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Ryan & Brennish Thomson

Updated Feb 2, 2024

About the CD - Ryan Thomson, Tune Collector

This album is presently out of stock 

On this this recording I've included many of the different instruments and styles of music that I play. Most of the music is dance music. Music plays in my head most of the day whether or not I have an instrument in my hands. Often times I'll hear a unfamiliar melody that I like. At that point my job is to pick up an instrument and transfer the tune in my head to that musical instrument.

That's how I come up with "original tunes." Of course there are lots of great tunes that have already been composed by someone else, and I learn them also! As a full time "tune collector" I have the wonderful job of traveling from here to there, learning both: tunes that I hear others play: and learning how to play tunes that I invent myself.


Arkansas Traveler and Soldier's Joy - These are some of the first "old timey" fiddle

tunes I learned for playing square dances. I played them often for dances in the old

Newmarket Town Hall with the Last Chance String Band, and Jackie Spector calling. I recorded these in Portsmouth, New Hampshire, and I'm accompanied by the awesome guitar playing of my friend David Surette.

JR's Jig - This tune popped into my head one day and after learning it on my fiddle I named it for my father, J Richard Thomson. Its a 3 part jig in Irish style with a very

"modal" sound which is accompanied masterfully by my friend Dave Hallowell on DADGAD tuned guitar.

Ookpik Waltz - I learned this tune around 1976 from another fiddler in Weiser, Idaho. Its one of my favorite tunes to play for dancers. Other players at that time called it the “Eskimo” waltz, and we eventually learned that it was composed by a Canadian fiddler - Frank Rogers. I play it here unaccompanied on my Gustav Wunderlich violin.

Lake Arthur Stomp - I learned this 3 part cajun tune from fiddler Dewey Balfa whom I studied with at the Augusta Heritage Center. Paul Mangion plays triangle as accompaniment to my fiddling.


Packer's Falls is about a mile up from my house on the Lamprey River. Its actually a series of steep drops forming a rapids. At the bottom of the rapids the water empties into a pond which is good for swimming in the hot summer months. From the pond one can climb up the shelves of rocks to the top of the falls. The fourth part of my tune has a climb way up the neck of the banjo, and after reaching the top, cascades down like the Lamprey river over the rocks of the falls.

Port Largo - Irish tunes often have several different names and the second most

common name I've heard for this Kerry Polka is "the other Rose Tree."

Old Joe Clark - This is a staple of the southern mountain style clawhammer banjo

player. I play it simple and fast on my late 1800's era Washburn banjo.


Sean's Squeezebox - I often get requests for polkas when I'm playing my Frontalini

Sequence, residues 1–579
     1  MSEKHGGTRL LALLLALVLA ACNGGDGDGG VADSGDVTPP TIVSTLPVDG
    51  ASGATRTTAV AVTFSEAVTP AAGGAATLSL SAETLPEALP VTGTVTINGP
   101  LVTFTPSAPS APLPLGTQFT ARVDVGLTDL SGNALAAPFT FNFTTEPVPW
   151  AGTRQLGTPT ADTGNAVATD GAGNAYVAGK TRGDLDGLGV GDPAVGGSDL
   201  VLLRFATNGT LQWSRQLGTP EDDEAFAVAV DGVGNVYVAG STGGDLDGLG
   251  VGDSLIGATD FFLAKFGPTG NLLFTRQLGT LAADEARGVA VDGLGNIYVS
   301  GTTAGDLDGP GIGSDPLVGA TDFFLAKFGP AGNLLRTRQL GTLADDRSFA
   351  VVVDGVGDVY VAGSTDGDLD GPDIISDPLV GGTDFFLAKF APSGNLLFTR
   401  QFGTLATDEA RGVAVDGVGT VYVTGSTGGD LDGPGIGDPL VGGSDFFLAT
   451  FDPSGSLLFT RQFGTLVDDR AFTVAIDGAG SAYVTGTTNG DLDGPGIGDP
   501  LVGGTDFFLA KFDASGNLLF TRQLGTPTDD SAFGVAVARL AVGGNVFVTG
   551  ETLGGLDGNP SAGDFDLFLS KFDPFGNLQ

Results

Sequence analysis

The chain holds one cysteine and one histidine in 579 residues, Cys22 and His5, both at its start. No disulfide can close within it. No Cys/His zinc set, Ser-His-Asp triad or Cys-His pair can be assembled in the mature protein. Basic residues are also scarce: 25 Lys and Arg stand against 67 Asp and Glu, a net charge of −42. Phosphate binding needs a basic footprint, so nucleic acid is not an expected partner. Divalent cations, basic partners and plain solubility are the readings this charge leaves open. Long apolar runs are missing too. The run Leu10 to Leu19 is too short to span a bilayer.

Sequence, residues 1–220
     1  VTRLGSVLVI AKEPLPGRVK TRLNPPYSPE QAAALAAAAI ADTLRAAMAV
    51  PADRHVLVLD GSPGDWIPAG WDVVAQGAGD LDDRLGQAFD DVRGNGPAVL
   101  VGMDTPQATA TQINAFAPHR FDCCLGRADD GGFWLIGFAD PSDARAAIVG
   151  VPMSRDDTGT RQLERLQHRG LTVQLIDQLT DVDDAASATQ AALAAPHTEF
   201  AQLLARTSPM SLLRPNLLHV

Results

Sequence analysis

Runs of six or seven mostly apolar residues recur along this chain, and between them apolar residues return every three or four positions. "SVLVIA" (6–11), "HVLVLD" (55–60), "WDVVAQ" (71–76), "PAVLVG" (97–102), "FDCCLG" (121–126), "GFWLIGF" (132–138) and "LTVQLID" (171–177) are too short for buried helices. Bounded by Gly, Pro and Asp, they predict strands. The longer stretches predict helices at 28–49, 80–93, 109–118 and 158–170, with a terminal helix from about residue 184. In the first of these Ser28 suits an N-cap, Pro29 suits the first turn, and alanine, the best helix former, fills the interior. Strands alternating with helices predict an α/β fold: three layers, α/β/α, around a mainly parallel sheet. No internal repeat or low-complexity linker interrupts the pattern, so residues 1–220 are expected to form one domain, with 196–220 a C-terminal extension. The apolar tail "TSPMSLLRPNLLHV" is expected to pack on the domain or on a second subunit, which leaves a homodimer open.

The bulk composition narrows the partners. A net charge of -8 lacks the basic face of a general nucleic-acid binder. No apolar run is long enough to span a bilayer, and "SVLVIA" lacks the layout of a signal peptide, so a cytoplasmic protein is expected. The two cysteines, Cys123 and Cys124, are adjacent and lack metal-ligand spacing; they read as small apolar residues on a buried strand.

accordian, so I wrote this tex-mex style tune which I've dedicated to my nephew Sean. Paul Mangion plays along on a guiro Puerto Rican percussion instrument.

How Long - is my uptempo blues-boogie arrangement of the old traditional song,

"Hesitation Blues." I'm backed up by fellow Crawdad Wranglers on this one.

La Cucharacha- Having grown up on the Mexican Border, I'm partial to music from down south. This is an instrumental version of this tune. I'm backed up by the Crawdad Wranglers. In case you might be wondering, "La Cucharacha" was Pancho Villa's nickname for his girl friend, and this was his favorite song during the Mexican Revolution.

Diggi Diggi Lo - I learned this song from Doug Kershaw. Its a song about romance on the bayou. Its fun to sing. I'm backed by the Crawdad Wranglers.

Carribbe - I learned this song from Ralph Tufo, the composer, and my former band mate in the Boogaloo Swamis. This is a great jam tune, and in this long version, recorded at a live concert, the Crawdad Wranglers go off in unplanned musical directions.

Wooden Flute

New Hampshire Hornpipe - I originally wrote this tune for fiddle but have grown very fond of playing it on my Michael (Mekal) Copeland flute. People seem to really like it, and everywhere that I play it, other musicians want to learn it.


Silver Spear - A traditional Irish Reel that is fun to play fast. (In fact, I played it tonight at the Comhaltas ceili dance in Boston!) I play it here solo on my Michael Burke whistle. 

She Beg She Mor - This waltz-like Irish aire was composed by Turlough O'Carolan on Irish harp. It sounds quite pretty played on the tin whistle. Please hold your applause until its for me.

Dunmore Lasses - A traditional Irish reel with a hauntingly beautiful and spooky melody. I play it solo on flute.


Here's a collection of some of my favorite swing tunes played solo on piano. I

play uptempo jumpy jitterbug dance style. When people ask me which piano players I listened to in order to develop my style, I tell them that I was influenced more from listening to old jazz violin records with Django Reinhardt playing guitar:

1. Hey Good Looking

2. Please Don't Talk About Me When I'm Gone

3. All of Me

4. Sweet Georgia Brown

5. Honeysuckle Rose

6. Stompin' at Decca

7. It Don't Mean a Thing if it Ain't Got That Swing

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